If it is true that men make plans and gods laugh, then it is more than plausible that gods limit themselves to crack their prophets around the world, competing for followers as we compete for victory points in Flick of Faith, the board game of which below you can read ours review. And that’s exactly what we’re going to do in this Divine Challenges game, as the subtitle says. But you don’t think it’s that simple, right? Because the gods don’t play subbuteo with their followers, it would all be too simple.
So let’s have fun squirting the divine word around an archipelago of islands with our eyes closed, two prophets at a time, rolling them or with our weakest hand. All this and more we will find in the review of Flick of Faith: Divine Challenges, a board game of dexterity that does not take itself too seriously – and that’s perfectly fine.
Flick of Faith: The Board Game Review
Flick of Faith is a board game created by Paweł Stobiecki, Jan Truchanowicz And Łukasz Włodarczyk for Awaken Realms Lite, the family games division of Polish publisher Awaken Realms; other well-known titles from the same publisher are Bees: the Secret Realm and SiegeStorm. In Italy the game is localized and published by Dal Tenda (Santa Maria, Bees).
It is a title for 2 to 4 players, playable in ten minutes per player or a little less. We are talking about a majority area control game, made through the more or less stable presence of prophets and temples on the game map. The latter is composed of a playmat, on which 4 are printed in a position of relative symmetry with a vortex in the center, and this too has its own function during the game. Each player clicks their Prophet Discs from their corner of the map, with the intent of scoring the most points by controlling the islands or “sacrificing” the prophets in the central vortex.
Before each game round, however, we will vote between two divine laws, one of which will take effect for the round or the rest of the game. These are the crazy rules we told you about earlier, and they transform the experience into something very funny and sometimes even a little absurd.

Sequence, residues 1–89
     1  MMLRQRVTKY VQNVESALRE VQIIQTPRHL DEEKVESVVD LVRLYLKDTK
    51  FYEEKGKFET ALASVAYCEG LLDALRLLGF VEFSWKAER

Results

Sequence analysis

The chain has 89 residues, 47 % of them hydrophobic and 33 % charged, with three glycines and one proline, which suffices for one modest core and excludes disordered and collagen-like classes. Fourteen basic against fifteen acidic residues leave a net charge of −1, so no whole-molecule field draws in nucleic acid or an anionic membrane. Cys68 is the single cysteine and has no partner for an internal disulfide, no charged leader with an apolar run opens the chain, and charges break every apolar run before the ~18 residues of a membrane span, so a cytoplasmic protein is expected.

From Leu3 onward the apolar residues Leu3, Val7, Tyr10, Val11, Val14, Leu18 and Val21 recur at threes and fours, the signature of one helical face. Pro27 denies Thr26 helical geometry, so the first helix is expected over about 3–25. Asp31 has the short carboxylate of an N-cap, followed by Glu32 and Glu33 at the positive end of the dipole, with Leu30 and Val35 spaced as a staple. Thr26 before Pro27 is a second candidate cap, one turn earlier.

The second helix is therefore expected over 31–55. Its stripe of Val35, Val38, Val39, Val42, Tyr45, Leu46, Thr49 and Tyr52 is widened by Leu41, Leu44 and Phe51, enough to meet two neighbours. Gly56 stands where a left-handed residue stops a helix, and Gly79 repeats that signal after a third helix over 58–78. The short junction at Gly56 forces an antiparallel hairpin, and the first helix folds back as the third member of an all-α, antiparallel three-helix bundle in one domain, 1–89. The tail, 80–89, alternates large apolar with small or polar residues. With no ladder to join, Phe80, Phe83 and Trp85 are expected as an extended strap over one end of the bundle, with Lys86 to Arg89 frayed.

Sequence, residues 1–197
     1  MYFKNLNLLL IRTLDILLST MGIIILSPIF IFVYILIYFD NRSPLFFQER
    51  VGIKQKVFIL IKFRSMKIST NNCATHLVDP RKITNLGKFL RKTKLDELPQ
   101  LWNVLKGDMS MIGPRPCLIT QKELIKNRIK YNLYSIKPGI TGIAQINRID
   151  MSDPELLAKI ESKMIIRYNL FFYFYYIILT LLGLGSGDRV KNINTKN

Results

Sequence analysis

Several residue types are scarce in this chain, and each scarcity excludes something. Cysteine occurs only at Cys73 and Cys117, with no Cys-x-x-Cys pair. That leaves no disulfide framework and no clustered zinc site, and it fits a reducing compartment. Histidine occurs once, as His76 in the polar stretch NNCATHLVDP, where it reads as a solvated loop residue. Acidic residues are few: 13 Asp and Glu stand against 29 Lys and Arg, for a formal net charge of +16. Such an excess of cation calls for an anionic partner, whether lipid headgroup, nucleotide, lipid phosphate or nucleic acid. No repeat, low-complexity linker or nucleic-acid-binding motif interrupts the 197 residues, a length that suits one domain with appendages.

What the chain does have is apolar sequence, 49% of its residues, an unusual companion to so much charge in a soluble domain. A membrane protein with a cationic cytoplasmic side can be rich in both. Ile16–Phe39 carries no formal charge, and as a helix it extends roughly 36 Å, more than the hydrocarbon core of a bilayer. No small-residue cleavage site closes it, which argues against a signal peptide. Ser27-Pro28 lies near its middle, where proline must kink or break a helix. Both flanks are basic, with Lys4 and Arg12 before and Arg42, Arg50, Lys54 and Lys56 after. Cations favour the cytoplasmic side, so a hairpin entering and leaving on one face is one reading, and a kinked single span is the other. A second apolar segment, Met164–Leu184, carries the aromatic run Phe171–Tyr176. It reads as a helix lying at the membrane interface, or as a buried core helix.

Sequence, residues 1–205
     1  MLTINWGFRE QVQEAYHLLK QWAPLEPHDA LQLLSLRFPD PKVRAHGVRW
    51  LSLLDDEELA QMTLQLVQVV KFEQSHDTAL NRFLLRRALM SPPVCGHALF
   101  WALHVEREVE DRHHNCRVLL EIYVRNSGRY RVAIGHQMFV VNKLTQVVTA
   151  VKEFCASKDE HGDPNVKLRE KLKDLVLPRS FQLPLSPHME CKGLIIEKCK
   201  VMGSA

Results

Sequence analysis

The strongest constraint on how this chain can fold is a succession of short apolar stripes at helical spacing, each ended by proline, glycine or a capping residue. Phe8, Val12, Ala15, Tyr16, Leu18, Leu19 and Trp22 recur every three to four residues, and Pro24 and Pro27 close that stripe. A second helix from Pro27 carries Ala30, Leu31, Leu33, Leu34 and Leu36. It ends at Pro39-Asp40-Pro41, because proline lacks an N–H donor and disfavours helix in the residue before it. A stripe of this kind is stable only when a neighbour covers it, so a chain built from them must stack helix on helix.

The contents of the box
The Flick of Faith box is of a particular size, quite elongated and narrow, in order to contain the game map printed on neoprene. Inside we find:
- The Playmat of the map
- 4 double-sided deity cards
- 20 Law cards
- 1 Monkey King disc and a Sphinx
- The First Player throws
- The “Hand of God” token
- The victory point tokens
- The Heart of Freya token
- A “Reserve” token
- A Tornado token
Also, in 4 colors and for each player:
- 7 Prophets, the small discs
- 2 Templars, medium discs
- 4 Temples, the largest discs
- A set of stickers to be applied on discs with illustrations dedicated to the deities
The review of the components of the board game
The components of Flick of Faith are varied and quite well made.
The illustrations are very well drawn (from Dagmara Gąska, Krzysztof Piasek, Piotr Hornowski, Agnieszka Pogan And Adrian Radziun), both on the cards and on the boards of the deities, which are in plasticized linen. The latter also show the symbols of the components to be used, in order to make a setup that takes no more than a couple of minutes agile and simple. The cards must be reshuffled only during preparation, but can be protected with the sleeves suitable for Flick of Faith, which you find TO THIS ADDRESS.
The wooden discs are of good quality, regular, smooth and uniform, so that it is the skills of the players that determine their movements. In total there are 55, so we are talking about a considerable amount of material, which results in a very pretty good quality / price ratio.
Unfortunately, the playmat is not at the quality level of the rest of the materials. Not for the illustrations above it – less beautiful than those on the cards – but for the quality of the neoprene it is made of. It is often difficult to make sure that it remains very smooth and without irregularities on the table. This is a problem during the game, because a less than uniform surface results in possible alterations of our throws, especially when we want to push ourselves a little further.
To overcome this problem, our advice is to leave it out of the box and open, if possible, in such a way that over time it softens and results in a more regular surface.
How to play Flick of Faith
Flick of Faith is played over 4 rounds (3 in 3 players) so that all players are first to round at least once. Each round is divided into 3 phases: the Council Phase, the Mission Phase and the Worship Phase.
During the Council Phase, votes are simultaneously cast to decide which of the two randomly drawn laws from the relevant deck will come into effect for the round or until the end of the game. In case of a tie, he will choose the case. The Laws are that pinch of pepper that make this title really tasty. Here are some of them, just to give an idea of the possibilities: modifiers to the scoring system, bonuses for those who push opponents off the map, new victory conditions, additional or different pieces, or even special obligations, such as squirting with your eyes closed. or with the little fingers; but we leave to you the pleasure of discovering them all.